Since the turn-table rides on top of the rolled/pitched platform, the next rotation will be to rotate in yaw. I can create a separate rotation matrix for this because the rotation is relative to the newly rolled/pitch reference frame (not the original flat earth frame). I just look up a u-axis rotation matrix (y = "yaw"), polarity slightly adjusted for positive-clockwise convention:

So multiplying the two rotation matricies will transform from the flat-earth reference plane, to the rolled/pitched/yawed reference plane:

So now I need to translate along the U'' axis to account for the height between the ground and the mounting arm (height of 'h'). This is a translation matrix. I believe I need to translate by the negative of h to make the tower coordinates appear closer to the new origin.

So now I need to rotate about the E'' axis to account for the 22 degree angle between the holding arm and the turn table. I want to rotate until the U'' axis is parallel with the arm which will also make the N'' axis become the "normal" line drawn in the image. This would mean I need to rotate counter-clockwise by 90-22 degrees = 68 degrees = 1.18682 radians

The application up to this point will be:

So I can now use the coordinates in the new reference plane and do some 3d trig to calculate the azimuth and elevation from this point (cartesian to spherical). I stick to the positive-clockwise convention for azimuth, but switch positive elevation being counter-clockwise, as this seems more intuitive for "up" being a more positive elevation.

And it is at this point I get stuck. I think the problem is that the servo az/el axis are dependent: One rides along the other. How do I figure out the appropriate amount of servo az and el?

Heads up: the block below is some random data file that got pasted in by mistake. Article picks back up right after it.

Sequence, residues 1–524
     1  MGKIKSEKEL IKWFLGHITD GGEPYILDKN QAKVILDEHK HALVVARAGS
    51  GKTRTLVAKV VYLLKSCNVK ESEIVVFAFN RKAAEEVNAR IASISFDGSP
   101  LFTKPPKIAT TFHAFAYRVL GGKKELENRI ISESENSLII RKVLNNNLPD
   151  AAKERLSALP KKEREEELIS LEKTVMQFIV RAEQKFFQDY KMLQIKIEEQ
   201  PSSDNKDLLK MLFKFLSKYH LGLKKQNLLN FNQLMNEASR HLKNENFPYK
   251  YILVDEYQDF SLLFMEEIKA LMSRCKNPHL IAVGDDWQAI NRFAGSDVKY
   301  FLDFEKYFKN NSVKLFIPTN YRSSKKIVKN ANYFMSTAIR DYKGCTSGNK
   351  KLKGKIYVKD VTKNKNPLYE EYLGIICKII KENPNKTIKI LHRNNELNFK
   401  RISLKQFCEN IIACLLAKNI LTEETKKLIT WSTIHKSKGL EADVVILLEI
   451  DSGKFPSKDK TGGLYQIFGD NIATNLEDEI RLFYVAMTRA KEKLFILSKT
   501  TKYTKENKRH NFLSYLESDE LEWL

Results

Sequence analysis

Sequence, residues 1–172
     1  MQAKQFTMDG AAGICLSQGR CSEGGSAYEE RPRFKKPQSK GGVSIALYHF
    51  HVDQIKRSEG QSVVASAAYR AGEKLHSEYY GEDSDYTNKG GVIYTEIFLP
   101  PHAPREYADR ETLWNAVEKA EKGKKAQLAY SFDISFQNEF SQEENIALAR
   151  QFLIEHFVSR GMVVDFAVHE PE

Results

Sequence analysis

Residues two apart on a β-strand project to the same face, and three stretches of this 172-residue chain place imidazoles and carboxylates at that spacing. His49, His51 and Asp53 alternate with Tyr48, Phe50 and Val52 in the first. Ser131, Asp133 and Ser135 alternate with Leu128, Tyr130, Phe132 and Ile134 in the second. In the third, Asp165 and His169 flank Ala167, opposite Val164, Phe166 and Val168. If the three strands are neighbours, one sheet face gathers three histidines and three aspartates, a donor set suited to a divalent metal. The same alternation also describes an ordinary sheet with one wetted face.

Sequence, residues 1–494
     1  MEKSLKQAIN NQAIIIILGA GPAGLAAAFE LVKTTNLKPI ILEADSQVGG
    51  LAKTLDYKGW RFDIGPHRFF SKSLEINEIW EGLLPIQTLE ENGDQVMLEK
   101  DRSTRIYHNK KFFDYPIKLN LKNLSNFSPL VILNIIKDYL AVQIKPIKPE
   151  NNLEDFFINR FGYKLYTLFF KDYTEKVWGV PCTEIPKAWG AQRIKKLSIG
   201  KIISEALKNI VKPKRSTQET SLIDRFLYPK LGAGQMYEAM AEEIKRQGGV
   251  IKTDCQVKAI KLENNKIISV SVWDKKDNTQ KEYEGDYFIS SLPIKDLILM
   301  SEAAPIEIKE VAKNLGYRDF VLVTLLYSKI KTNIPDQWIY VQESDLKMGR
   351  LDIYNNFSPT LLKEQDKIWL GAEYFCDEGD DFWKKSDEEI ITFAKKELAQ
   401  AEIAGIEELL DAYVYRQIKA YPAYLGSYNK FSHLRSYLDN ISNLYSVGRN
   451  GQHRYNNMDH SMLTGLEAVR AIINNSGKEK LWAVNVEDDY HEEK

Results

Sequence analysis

• While GIS could certainly be used to solve this problem (known as the Inverse (or Reverse) Geodetic Problem), you don't seem to be using it. If you are, please edit the question to explain what you have tried and what difficulty you encountered. Commented Jun 12, 2020 at 13:14
• Could you define exactly on which rotations you are going to act, and these rotations are around which axes? In the last image it seems that you mention the roll as if it were on the Up axis. And also I suppose that you are going to act only on two rotations, that's why the question. Commented Jun 12, 2020 at 18:40
• Sorry. I updated the last image to just use "phi" as the manufacturer described it. I'm just trying to visualize how the sensor works. I think roll is derived from phi, so that is what was confusing about the original image. I am working on organizing my notes to show my attempt at a solution Commented Jun 12, 2020 at 18:55
• @SittinHawk, I think you're getting complicated. The variables you are looking to determine are azimuth and elevation? The only transformation you need to do is from Cartesian to 3D polar coordinates. Commented Jun 12, 2020 at 21:55
• It's not just azimuth and elevation from the ground, it's azimuth and elevation of servo motors at the top of a tilted structure, with an angled mounting arm. Commented Jun 12, 2020 at 21:59